Adam Wills Begley
In 1917, Herbert Howells received a grant from the Carnegie Trust to assist in editing hundreds of Tudor manuscripts for performance. Howells often spoke of the influence this experience had on his compositional work: “All through my life I’ve had this strange feeling that I belonged somehow to the Tudor period–not only musically but in every way.” Musicologist Jonathan Clinch has noted that the relationship between "the Renaissance of the 16th century … and the so-called ‘English musical renaissance’ [of the 20th century]–is at the heart of Howells’s church music," but the direct manifestations of this technical and aesthetic debt remain uncharted. My research focuses on locating the manuscripts Howells edited, analysing their musical content, and comparing them with Howells’s own works to identify the specific ways in which the composer’s study of Tudor repertoire influenced his music. In a broader sense, my research aims to investigate the process whereby artworks from past eras directly influence the creative process of artists in the contemporary era—and the ways in which editing shapes the editor.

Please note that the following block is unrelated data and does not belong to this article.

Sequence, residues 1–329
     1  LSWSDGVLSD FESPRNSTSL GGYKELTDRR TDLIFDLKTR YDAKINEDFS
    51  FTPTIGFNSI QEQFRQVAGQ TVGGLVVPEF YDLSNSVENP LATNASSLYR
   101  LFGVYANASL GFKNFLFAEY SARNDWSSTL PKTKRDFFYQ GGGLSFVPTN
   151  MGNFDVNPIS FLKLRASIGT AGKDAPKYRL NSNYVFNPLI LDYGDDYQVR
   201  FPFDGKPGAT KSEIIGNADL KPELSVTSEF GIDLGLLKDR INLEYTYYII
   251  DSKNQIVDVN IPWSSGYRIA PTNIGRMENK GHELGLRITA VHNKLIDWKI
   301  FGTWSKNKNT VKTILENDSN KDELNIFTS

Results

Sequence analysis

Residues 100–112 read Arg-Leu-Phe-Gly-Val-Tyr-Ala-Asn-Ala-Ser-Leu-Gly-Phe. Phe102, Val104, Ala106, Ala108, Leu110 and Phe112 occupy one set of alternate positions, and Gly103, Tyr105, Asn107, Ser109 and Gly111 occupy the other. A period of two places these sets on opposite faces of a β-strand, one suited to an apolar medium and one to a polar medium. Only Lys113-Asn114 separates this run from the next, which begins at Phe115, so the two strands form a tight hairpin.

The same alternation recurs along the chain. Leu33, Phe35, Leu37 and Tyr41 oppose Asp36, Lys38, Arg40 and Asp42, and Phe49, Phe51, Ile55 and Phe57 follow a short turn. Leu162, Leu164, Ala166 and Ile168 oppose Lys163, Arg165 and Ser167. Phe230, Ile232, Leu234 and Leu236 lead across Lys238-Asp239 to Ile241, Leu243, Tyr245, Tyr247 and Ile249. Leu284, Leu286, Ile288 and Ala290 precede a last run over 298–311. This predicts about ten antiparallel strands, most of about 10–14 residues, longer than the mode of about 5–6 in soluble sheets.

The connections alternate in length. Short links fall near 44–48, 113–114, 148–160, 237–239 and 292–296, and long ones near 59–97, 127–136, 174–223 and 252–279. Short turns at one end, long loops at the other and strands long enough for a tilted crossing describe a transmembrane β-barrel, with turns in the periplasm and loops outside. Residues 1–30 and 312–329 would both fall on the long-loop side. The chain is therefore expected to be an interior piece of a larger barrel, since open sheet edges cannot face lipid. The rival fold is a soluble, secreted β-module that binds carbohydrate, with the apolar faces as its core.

D.Mus Performance (Choral Conducting)
Dr. Jean-Sébastien Vallée